Even the most common neural network architectures have a lot of parameters. ResNet50, which is a frequently used baseline model, has ~25 million. This means that during training, we perform a search in a 25 million dimensional parameter space.
To put this number in perspective, let’s take a look at a cube in this space. An n-dimensional cube has 2ⁿ vertices, so in 25 million dimensions, we are talking about 2²⁵⁰⁰⁰⁰⁰⁰ points. In a search grid, this would be just a single element. For comparison, the number of atoms in the observable universe is estimated to be around 10⁸². It is safe to say that the magnitude of this problem is incomprehensible to us humans.
Thus, reducing the number of parameters would have several benefits. A sparse network is not only smaller, it is faster to train and use. Where hardware is limited, such as in embedded devices or smartphones, speed and size can make or break a model. In addition, more complex models are more prone to overfitting. So, restricting the search space also acts as a regularizer.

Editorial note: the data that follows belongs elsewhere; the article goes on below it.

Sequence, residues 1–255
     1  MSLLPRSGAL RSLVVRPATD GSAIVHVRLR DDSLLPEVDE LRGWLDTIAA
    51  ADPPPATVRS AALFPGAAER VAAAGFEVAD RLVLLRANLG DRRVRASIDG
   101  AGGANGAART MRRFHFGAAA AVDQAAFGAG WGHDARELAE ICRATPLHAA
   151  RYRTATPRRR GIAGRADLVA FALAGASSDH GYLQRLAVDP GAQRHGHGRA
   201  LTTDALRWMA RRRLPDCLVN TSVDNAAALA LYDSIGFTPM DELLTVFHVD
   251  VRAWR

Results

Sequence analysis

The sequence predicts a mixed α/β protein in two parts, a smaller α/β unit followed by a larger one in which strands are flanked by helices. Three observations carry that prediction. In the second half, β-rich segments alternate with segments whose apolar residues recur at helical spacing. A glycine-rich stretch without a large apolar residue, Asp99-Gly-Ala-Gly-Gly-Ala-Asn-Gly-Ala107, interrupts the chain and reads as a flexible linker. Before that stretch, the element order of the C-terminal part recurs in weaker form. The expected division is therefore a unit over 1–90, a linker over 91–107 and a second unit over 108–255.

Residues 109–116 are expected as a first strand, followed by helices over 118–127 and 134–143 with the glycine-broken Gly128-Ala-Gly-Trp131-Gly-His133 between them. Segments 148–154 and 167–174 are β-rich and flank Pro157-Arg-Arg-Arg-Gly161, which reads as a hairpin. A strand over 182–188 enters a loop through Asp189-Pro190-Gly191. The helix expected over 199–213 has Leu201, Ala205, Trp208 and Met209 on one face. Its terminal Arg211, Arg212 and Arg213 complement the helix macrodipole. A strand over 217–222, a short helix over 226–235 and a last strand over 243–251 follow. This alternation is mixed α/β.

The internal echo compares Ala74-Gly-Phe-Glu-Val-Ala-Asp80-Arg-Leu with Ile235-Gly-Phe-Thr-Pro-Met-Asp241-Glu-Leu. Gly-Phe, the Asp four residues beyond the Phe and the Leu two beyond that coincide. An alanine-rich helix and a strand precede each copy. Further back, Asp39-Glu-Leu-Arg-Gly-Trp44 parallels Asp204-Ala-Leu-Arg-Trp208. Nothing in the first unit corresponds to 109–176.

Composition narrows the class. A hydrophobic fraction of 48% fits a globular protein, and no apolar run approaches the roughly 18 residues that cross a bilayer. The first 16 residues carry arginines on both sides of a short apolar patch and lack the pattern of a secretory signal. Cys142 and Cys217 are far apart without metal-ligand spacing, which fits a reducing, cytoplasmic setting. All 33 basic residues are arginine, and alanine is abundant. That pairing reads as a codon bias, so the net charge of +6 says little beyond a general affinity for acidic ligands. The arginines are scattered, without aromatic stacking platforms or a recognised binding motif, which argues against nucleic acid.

However, this is not a simple task, as reducing the model’s capacity can also lead to loss in accuracy. Thus, there is a delicate balance between complexity and performance. In this post, we are going to take a deeper look into what the challenges and potential solutions are.
To start off, the simplest problem would be to aim for reducing model parameters after training. This would not help with the training itself, but would reduce computational requirements for inference.